No Time to Die

Genre: Action, Adventure

Director: Cary Joji Fukunaga

Screenplay: Neal Purvis, Robert Wade, Cary Joji Fukunaga, Phoebe Waller-Bridge

Cast: Daniel Craig, Léa Seydoux, Ralph Fiennes, Rami Malek, Lashana Lynch, Ben Whishaw, Naomie Harris, Jeffrey Wright, Billy Magnussen, Christoph Waltz, Ana de Armas

Running Length:  163 minutes

Synopsis: In No Time To Die, Bond has left active service and is enjoying a tranquil life in Jamaica. His peace is short-lived when his old friend Felix Leiter from the CIA turns up asking for help. The mission to rescue a kidnapped scientist turns out to be far more treacherous than expected, leading Bond onto the trail of a mysterious villain armed with dangerous new technology.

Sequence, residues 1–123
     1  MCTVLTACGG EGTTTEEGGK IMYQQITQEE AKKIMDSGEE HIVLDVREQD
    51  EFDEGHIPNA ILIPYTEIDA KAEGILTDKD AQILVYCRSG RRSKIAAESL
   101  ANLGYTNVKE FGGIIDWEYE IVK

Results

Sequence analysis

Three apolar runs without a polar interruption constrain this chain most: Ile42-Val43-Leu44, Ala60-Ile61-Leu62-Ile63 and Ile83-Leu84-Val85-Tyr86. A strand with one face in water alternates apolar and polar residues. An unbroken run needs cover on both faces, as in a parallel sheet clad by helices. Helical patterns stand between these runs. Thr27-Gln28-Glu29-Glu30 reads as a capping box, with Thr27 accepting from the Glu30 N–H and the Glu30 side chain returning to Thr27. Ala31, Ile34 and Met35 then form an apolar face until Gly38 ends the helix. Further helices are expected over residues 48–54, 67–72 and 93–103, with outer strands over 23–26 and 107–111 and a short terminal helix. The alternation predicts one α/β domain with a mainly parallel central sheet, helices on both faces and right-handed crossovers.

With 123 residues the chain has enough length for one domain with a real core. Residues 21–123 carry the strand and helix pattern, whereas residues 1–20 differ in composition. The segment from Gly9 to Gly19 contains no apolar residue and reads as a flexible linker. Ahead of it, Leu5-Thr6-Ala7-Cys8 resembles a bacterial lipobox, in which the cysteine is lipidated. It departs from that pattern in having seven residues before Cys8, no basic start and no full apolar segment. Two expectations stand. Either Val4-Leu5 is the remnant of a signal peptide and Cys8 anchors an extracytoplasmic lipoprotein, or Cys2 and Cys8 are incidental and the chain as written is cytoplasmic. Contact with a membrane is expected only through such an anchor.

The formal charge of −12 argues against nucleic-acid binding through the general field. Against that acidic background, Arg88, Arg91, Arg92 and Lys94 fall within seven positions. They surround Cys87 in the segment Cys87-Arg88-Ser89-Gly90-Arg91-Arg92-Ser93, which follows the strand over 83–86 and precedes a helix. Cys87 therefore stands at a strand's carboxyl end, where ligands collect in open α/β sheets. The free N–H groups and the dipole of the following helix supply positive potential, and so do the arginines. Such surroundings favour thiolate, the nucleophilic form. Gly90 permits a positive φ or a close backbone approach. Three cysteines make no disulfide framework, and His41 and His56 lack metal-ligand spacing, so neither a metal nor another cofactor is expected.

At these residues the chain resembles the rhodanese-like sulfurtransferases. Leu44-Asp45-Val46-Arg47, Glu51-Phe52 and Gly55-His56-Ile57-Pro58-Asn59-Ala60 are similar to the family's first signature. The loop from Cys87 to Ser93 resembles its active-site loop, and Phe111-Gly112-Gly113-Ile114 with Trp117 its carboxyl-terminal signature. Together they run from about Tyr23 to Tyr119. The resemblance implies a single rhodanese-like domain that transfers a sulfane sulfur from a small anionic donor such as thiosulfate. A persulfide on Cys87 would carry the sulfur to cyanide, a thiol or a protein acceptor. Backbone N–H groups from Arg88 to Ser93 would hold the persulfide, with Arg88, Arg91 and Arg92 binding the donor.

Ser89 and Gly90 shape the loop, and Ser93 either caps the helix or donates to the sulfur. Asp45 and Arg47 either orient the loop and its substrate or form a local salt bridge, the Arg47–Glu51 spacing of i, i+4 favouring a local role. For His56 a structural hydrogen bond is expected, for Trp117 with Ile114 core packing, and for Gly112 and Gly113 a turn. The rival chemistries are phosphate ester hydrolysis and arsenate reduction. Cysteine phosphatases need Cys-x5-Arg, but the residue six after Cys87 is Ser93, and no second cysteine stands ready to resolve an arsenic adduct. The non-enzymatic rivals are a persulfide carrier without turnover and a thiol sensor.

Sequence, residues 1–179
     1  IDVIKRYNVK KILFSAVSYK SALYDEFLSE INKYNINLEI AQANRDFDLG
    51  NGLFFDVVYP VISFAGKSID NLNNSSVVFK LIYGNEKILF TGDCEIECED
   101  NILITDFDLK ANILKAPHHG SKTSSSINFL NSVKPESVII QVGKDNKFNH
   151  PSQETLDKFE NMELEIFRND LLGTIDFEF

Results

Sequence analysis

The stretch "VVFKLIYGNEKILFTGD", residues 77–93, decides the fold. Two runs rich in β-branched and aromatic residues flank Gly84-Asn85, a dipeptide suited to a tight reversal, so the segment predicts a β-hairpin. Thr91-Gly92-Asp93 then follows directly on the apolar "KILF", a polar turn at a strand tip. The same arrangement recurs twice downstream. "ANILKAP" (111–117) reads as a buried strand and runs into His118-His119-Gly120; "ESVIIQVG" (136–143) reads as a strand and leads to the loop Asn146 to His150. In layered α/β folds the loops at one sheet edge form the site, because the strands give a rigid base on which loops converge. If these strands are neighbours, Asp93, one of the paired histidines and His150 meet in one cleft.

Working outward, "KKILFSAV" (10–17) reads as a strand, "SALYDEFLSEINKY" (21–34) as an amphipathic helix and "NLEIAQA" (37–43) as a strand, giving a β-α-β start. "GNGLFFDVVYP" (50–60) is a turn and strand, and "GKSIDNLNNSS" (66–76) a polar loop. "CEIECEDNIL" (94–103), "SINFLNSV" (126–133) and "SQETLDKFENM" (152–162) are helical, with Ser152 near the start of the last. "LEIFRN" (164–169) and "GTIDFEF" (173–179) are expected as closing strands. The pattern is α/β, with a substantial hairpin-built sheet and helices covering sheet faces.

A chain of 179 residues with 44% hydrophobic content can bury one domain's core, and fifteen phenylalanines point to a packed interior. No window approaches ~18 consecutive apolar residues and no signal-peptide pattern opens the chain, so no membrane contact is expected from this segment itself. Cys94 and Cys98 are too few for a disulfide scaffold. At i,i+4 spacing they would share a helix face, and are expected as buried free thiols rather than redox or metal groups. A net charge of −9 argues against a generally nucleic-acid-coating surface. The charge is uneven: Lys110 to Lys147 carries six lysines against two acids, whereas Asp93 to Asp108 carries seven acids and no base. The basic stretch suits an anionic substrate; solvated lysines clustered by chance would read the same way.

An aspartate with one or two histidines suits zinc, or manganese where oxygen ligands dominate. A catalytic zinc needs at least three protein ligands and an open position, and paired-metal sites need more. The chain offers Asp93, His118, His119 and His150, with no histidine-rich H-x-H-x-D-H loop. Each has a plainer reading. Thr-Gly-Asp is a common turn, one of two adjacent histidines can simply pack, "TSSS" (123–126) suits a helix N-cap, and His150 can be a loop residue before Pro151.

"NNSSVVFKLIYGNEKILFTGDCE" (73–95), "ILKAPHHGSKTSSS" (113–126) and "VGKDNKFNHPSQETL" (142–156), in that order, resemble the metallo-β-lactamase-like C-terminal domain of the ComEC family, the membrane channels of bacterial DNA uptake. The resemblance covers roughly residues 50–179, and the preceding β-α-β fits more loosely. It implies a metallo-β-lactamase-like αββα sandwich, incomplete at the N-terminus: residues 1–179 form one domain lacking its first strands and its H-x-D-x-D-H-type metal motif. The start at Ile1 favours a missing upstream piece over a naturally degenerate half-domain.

Review: And so, after a lengthy 18-month delay from its original release date thanks to the pandemic, we have finally come to the end of an era. In No Time to Die, Daniel Craig makes his final appearance as 007, a role that he has played five times over the last 15 years, in what many people (myself included) felt was a much-needed refresh of the long running film franchise. While none of the subsequent films ever hit the high watermark of Casino Royale (Skyfall came very close at least), to say that Daniel Craig is the best Bond in at least the past three decades is not hyperbole. And yet, so much of No Time to Die feels exactly like a send-off for Daniel Craig and his Bond that it feels too weighted down, a little too dour and too grey.